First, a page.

Peanuts: the numbers (using the Census of Agriculture)

We would like to share some numbers with you. Not regular non-meaning numbers but some real nutty numbers. We have been digging through the data provided by the USDA (United States Depart of Agriculture), the Census of Agriculture and the FAO (Food and Agriculture Organization of the United States). The FAO has recently released their new FAOSTAT application which makes searching for statistics, facts and numbers WAY easier.

What is the Census of Agriculture?

Now what is the Census of Agriculture? This department of the USDA is all about numbers and statistics. The people who work here compile all kinds of data, they then put the data in nice tables and graphs so that it's easy to comprehend. However, some reports are over 700 pages so it might be a little difficult to find what you're looking for. Some examples of what kind of data the Census of Agriculture collects: sizes of farms, usage of fertilizers and chemicals, land use, farm income, number of female operators on farms, what the ages are of the people working on the farm, number of goats on an average farm, amount of peanuts harvested in Oklahoma, percentage of farmers that own the land, most popular crops, value of machinery and much and much more. As you can see, the Census of Agriculture is a true treasure of agricultural data.



Not all numbers are published

The census only takes place every five years. We are using the numbers that have been published on May 2nd 2014: the 2012 census. The next census will take place in 2017. Now why do they only count every five years? Because it is a LOT of work, hence it takes two more years to finally publish the data online. In these two years USDA analysts have been compiling all the data, double-checking it and even triple-checking it to make sure it is as accurate as possible. Not all numbers have been published, sometimes there is only one single farm in an entire state that, for example, produces peanuts, if the USDA would publish the data for that entire state then everyone would know the ins and outs of that specific farm: the amount of money they make, the profiles of the people who work there, the types of machinery they have et cetera. That is why some of the data is protected, when you open up the report withheld data has been marked using a (D).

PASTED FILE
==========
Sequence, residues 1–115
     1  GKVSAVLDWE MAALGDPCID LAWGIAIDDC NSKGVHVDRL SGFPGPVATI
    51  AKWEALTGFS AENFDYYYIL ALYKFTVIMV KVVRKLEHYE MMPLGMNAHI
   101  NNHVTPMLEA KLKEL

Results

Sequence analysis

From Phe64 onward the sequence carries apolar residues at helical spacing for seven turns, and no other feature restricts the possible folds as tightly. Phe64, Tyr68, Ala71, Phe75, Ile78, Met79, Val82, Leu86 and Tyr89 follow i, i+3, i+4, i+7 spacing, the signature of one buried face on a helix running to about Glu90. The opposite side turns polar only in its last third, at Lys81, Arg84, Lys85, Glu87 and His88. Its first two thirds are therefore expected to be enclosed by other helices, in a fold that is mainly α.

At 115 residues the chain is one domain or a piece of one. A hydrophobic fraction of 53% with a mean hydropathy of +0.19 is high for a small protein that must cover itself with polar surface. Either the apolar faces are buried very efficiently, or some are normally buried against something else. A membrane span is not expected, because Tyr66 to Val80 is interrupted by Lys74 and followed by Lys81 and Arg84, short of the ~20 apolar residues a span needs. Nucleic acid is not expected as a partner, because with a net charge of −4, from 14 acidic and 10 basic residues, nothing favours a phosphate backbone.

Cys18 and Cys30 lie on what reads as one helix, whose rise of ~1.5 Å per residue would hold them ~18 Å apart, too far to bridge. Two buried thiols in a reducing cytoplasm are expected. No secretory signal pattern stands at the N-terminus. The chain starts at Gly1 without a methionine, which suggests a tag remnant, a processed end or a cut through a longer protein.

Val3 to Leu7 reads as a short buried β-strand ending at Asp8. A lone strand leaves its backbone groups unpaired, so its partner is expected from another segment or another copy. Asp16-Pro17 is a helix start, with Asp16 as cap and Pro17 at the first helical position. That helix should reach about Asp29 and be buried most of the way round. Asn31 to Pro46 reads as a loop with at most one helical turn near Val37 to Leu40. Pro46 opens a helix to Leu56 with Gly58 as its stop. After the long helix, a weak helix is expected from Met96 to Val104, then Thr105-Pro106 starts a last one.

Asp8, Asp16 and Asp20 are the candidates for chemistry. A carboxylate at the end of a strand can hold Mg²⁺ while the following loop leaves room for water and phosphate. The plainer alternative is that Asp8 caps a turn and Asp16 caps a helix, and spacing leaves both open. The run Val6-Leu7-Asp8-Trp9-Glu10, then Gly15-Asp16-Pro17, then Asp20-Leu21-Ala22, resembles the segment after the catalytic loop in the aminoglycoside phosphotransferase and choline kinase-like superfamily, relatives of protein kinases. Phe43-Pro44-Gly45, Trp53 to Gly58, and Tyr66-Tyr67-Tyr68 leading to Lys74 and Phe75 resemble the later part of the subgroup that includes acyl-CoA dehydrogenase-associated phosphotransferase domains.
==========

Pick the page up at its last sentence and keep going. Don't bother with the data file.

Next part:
How to use the Census of Agriculture report?

All those numbers, it seems so complicated! Well, it's actually really easy. We recommend you first read the introduction pages of the report: here you see what the different symbols mean, how the data has been collected and more general information about the census and the data used in the report. The data has been ordered logically in numbered tables under different chapters. If you want to find a specific word or phrase within the document you can use CTRL + F to search.

Alright, enough about the census itself. Let's get to the numbers!



Peanuts throughout the years

For our first piece of data we are going to look at the farms that produce peanuts. More specifically: we are going to look at their development. The census has been held every 5 years so we can compare data from 5 years ago and even from 10 and 15 years ago to data from now. This way you can easily detect changes and see trends forming in different fields. Let's take a look at table 1 (continued) on page 18 of the report, scroll down till you see "peanuts for nuts". Here we see the number of farms that produce peanuts, the amount of acres that peanuts are produced on and the amount of pounds of peanuts that have been produced over one year.

2012
Farms that produce peanuts: 6,561
Acres that are used for peanut production: 1,621,631
Total amount of peanuts produced: 6,660,492,899

2007
Farms that produce peanuts: 6,182
Acres that are used for peanut production: 1,200,564
Total amount of peanuts produced: 1,200,564

2002
Farms that produce peanuts: 8,640
Acres that are used for peanut production: 1,223,093
Total amount of peanuts produced: 3,137,586,781

1997
Farms that produce peanuts: 12,788
Acres that are used for peanut production: 1,377,097
Total amount of peanuts produced: 3,434,648,039

Now what can we see from the data above?
1: The amount of farms that produce peanuts has been decreasing since 1997: it went from well over 12,000 to almost half it: 6,000. However, during the years 2007-2012 around 400 new farms were founded that are in the peanut production business.
2: The amount of acres used to grow peanuts on was also going down. However, in 2012 it went back up.
3: The total amount of peanut production has been doubled since 1997.

Pretty interesting, huh? All that information from just a few numbers! Within the report there is lots and lots of information to be found regarding peanuts. In the next few paragraphs we will try to present the information from the report to you in a simplified way, you can also try to read along using the actual report.



More in part 2: nutty numbers!

That is it for today. We hope you learned a lot about the Census of Agriculture and how to interpret data used in reports. See? It's not that difficult. Above all, we hope you enjoyed learning more about peanuts. Now that you know how the process of extracting data from the report works: try it yourself! In the meantime, we will be busy writing part 2: Nutty numbers.
Sponsored links